The Changing World of Superyachting: a Captain’s three decades
Caroline Blatter 22 Sep 2017
In the past few decades the global yachting scene has changed dramatically. Forty years ago any yacht over 80 foot would have been conspicuous, the talk of the town even, in one of the ports that is filled with the mega yachts of today. Since then, the profession, along with the industry that supports the world’s superyacht fleet, have all grown and adapted to respond to the needs and tastes of today’s yachts, and the legislation that each country and the global market dictates.
Steve Carson has, more than most, experienced first hand the world of superyachting for over the past four decades. His career on large yachts started at a young age and now, retired to a harbour front home in Falmouth, Cornwall, he is able to reflect on his career and the changing face of superyachting.
The early days
Steve’s father was a keen sailor so the family were messing about in boats from a young age when he sailed dinghies in Yorkshire. He went to boarding school in Cowes where sailing played a major part in the school curriculum. “This was really the beginning for me,” he recounted. “At school we took boat building lessons at Clare Lallow’s yard as well as spending as much time as possible sailing.”
Steve joined the army for three years but when he was just 22 his parents retired and decided to spend their pension on a yacht to take to the Caribbean to run as a charter boat. This was in 1968, and they invited Steve to help them take the yacht, a Camper & Nicholson 38, across the Atlantic to Grenada, an offer he couldn’t refuse.
Once there, they ran a successful business, but surplus to requirements as crew and left to his own future, Steve sought, and quickly found, a crewing position on another boat, a 60 footer, graduating the following season to a 72 footer, sailing up to the USA. There he met Bob Garland from S&S who offered him a choice of positions, and he chose Sea Star, a 90 footer that was going around the world with just three crew, giving Steve a perfect opportunity to learn every aspect of running a boat. One charter guest was celebrity American TV present, Hugh Downes, of the Today Show, who offered Steve his next job, and the first as a captain. His Grand Banks 50 commuted between New York and the Caribbean. “There was only celestial navigation and a DF radio in those days,” recalled Steve, “so every voyage was a much greater adventure than it would be today.”
Rising to the rank of Captain…
Once established as a captain, Steve had a series of positions. He ran a maxi yacht and did the Transpac race. He went on to run two iconic classic sailing yachts, Gitana IV, originally built in 1962 for Baron Edmund de Rothschild, and the 169ft Adela, a modern classic built at Pendennis Shipyard in Steve’s hometown in 1995 and refitted in 2000. Steve carved out a steady career staying with one of the owners for 24 years. He did the Fastnet Race on Gitana in 1993 and started work on Adela in 1993, the year after she was built. His wife Anne joined him as chef and chief purser on board.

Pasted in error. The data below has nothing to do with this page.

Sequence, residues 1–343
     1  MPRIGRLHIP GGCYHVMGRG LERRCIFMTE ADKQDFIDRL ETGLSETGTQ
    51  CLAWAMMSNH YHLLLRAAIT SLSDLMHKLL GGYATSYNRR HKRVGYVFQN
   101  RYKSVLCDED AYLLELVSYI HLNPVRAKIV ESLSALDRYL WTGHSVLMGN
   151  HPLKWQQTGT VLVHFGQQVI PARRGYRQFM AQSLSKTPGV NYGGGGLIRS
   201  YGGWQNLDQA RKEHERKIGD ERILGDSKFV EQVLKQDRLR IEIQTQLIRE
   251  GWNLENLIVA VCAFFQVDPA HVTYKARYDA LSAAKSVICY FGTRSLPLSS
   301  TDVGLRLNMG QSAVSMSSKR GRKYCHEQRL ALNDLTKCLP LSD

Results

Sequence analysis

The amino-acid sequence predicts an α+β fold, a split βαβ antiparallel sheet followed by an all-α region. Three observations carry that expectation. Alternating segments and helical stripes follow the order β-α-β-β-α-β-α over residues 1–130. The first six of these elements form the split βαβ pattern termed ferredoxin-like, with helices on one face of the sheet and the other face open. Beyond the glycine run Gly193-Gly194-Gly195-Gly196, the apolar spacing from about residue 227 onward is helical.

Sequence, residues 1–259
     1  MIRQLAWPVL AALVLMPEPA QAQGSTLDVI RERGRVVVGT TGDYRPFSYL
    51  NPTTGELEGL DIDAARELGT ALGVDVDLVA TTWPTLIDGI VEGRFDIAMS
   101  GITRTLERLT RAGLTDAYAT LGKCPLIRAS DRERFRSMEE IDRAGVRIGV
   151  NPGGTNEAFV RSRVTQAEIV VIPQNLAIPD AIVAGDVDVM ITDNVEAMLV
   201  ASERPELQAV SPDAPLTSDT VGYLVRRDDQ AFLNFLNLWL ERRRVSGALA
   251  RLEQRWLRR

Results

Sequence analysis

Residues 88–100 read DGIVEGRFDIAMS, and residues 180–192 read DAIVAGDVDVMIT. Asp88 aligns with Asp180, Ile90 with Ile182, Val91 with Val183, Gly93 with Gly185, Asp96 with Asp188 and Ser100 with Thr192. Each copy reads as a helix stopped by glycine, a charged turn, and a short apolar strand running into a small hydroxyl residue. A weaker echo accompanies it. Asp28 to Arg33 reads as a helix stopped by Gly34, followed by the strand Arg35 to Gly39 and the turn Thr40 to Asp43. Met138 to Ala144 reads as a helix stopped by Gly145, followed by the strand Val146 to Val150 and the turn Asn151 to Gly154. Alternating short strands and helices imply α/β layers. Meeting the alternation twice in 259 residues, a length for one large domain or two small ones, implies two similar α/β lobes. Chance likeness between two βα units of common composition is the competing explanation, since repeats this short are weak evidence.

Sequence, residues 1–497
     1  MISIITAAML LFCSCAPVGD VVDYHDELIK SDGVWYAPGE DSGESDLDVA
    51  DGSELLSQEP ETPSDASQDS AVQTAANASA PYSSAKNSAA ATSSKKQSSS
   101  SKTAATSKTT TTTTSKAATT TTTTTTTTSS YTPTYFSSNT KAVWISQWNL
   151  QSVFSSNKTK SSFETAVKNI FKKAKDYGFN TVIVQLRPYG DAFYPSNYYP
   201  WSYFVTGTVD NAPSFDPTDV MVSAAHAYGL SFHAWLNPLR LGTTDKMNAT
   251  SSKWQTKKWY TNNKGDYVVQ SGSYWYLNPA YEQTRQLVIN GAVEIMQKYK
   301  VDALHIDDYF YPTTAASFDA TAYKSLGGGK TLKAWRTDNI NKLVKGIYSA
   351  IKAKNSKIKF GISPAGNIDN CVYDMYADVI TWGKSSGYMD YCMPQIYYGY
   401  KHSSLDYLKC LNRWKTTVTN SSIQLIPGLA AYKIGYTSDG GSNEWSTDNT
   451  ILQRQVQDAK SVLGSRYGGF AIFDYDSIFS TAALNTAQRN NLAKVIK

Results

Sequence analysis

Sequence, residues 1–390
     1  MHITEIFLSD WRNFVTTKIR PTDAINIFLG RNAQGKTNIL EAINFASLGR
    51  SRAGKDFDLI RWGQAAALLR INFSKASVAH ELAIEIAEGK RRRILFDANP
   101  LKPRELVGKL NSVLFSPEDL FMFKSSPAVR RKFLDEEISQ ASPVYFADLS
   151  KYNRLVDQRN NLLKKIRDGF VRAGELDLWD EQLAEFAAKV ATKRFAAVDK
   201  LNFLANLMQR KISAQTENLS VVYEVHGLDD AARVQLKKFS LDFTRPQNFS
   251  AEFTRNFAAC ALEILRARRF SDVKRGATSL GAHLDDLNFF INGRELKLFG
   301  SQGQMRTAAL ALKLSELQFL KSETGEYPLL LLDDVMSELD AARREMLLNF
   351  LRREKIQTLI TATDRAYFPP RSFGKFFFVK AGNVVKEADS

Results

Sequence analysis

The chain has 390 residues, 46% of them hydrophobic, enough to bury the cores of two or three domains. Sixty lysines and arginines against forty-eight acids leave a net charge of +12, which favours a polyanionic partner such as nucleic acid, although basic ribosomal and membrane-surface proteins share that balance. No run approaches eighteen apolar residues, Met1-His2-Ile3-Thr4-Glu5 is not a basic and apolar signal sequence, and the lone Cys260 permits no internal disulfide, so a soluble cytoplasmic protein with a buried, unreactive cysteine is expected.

By the time I retired there were very few places I hadn’t been to by sea
Steve and Anne now enjoy spending six months of the year at their home in Falmouth and six months in Antigua where they have spent so much of their working lives. Anne has recently started her own business in the UK, providing yacht services including port clearance, provisioning and services for the increasing number of yachts that are coming into Falmouth, UK, most of which they can watch coming in and out of the Sound from their own living room window.
“By the time I retired there were very few places I hadn’t been to by sea,” says Steve. “Yachts tended to go to the same places repeatedly – St Tropez, Porto Fino, Capri, Palma, Turkey. "
As well as watching the Adela build unfold in Falmouth, Steve also brought Gitana IV there in 1992 for a refit and Adela continues to come back here every five years for a makeover. “One of the mates on board when I was captain is the captain now,” he says, “so we are still closely connected.”
The yachting experience is not the same as it used to be, but in what way?
“Well of course it’s not the same – I wish I’d been around in the time of Captain Cook when there were no limitations,” says Steve. "But it’s a good thing there is more regulation. With 20 or more crew on modern superyachts regulation is needed. Management companies are playing larger roles, and tend to arrange refit and restoration projects near their own bases. I also notice that the turnover of captains and crews is quite high, as everyone is constantly looking for the bigger boat.”
Then there are the owners, without whom none of this would exist. Steve believes that most owners are steady serious yacht lovers who will start with a small yacht and buy larger ones as their wealth increases. “An owner is like a first class passenger on a luxury ocean liner with every service at their disposal,” is how Steve describes the owner experience. “Except that they are on their own boat and instead of having to go from A to B they can go anywhere they want and at short notice. And, if they aren’t happy somewhere, the boat can always move.”